TAG: "Cancer"

UCLA celebrates naming of Agi Hirshberg Center for Pancreatic Diseases

Gift will advance breakthroughs in pancreatic cancer research.

By Mary Goodstein, UCLA

UCLA celebrated the naming of the UCLA Agi Hirshberg Center for Pancreatic Diseases on Feb. 28 at a gathering of Hirshberg’s family and friends. The naming was made possible by $10 million in gifts from Hirshberg to UCLA.

“Agi Hirshberg’s 18-year commitment to finding a cure has placed UCLA at the forefront of cutting-edge research on pancreatic cancer,” said UCLA Chancellor Gene Block. “In recognition of her visionary support and a generous new $5 million gift, we are pleased to name the UCLA Agi Hirshberg Center for Pancreatic Diseases.”

The campus event also was attended by UCLA faculty and staff as well as members of Women and Philanthropy — of which Hirshberg is president — and the board of visitors of the David Geffen School of Medicine at UCLA.

Hirshberg established the Hirshberg Foundation for Pancreatic Cancer Research in 1997 in memory of her late husband, Ronald S. Hirshberg, who died of pancreatic cancer at age 54. The innovative research supported by the foundation has changed the face of pancreatic cancer treatment. As the first beneficiary of the foundation’s giving, UCLA established the Ronald S. Hirshberg Translational Pancreatic Cancer Research Laboratory in 1998 and the Ronald S. Hirshberg Chair in Translational Pancreatic Cancer Research in 2000.

Funding from the Hirshberg Foundation has elevated the UCLA center to one of the nation’s premier comprehensive programs for pancreatic cancer and diseases, and it has laid the groundwork for a model in which the needs of people with pancreatic cancer are met in one location with the most advanced treatment options available.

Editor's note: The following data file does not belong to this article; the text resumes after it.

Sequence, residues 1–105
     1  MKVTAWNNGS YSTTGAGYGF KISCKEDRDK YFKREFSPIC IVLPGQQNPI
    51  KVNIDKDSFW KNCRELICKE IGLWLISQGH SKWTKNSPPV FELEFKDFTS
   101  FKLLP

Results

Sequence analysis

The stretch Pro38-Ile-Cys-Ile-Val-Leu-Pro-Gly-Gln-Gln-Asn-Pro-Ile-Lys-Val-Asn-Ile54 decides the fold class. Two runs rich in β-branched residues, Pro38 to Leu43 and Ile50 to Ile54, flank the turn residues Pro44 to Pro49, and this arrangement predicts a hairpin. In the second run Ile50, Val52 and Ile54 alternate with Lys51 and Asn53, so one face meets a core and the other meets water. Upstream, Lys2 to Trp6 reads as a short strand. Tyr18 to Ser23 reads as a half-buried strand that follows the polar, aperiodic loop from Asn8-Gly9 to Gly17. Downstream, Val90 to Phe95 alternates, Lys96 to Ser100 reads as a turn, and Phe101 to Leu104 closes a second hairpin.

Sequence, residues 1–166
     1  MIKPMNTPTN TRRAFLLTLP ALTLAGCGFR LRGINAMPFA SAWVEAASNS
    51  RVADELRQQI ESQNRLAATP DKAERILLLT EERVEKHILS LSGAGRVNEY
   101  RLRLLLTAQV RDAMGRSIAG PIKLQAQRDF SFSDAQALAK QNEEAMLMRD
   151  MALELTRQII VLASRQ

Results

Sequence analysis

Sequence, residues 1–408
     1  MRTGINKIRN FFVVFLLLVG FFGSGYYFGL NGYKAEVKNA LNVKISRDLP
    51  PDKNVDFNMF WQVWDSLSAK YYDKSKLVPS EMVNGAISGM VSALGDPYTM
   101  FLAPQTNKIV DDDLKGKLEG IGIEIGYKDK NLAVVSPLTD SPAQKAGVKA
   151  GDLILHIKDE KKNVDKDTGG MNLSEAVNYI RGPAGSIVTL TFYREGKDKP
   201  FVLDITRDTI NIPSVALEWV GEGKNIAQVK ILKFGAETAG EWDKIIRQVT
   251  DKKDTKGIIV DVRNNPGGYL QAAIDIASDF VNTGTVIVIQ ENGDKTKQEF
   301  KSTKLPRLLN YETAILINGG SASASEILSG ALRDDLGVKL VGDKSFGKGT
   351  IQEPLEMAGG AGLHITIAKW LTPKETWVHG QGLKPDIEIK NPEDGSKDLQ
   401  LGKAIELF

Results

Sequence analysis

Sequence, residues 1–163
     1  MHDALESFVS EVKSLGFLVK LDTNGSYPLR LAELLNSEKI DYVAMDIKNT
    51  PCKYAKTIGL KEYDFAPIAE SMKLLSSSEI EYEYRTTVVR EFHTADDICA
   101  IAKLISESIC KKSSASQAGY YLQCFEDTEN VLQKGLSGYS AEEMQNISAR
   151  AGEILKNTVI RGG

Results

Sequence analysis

“I strongly believe that the cure for pancreatic cancer is right around the corner. I feel it,” Hirshberg said. “This new commitment ensures continuous research results and allows us to continue on our path toward a cancer-free life.”

Hirshberg’s most recent gift will fund seed grants as well as the center’s highest-priority needs. The Hirshberg Foundation’s Seed Grant Program has helped propel pancreatic cancer research, serving as a springboard for multiple investigations at UCLA and other prestigious institutions and leading to additional investments from the National Institutes of Health and other organizations. Since the program’s inception in 2000, it has generated more than $65 million in additional support for research involving the molecular mechanisms of pancreatic cancer, early diagnosis, surgical and chemotherapeutic treatments, psychosocial approaches to disease management and prevention strategies.

“Agi Hirshberg raised the visibility of this devastating disease and has been instrumental in advancing pancreatic cancer research, not only at UCLA but across the nation,” said Dr. Vay Liang Go, director of the UCLA Center for Excellence in Pancreatic Diseases. “Her ongoing support of the multiple areas focused on pancreatic cancer at UCLA has led to pioneering investigations that have given many patients a chance to survive one of the most deadly forms of cancer.”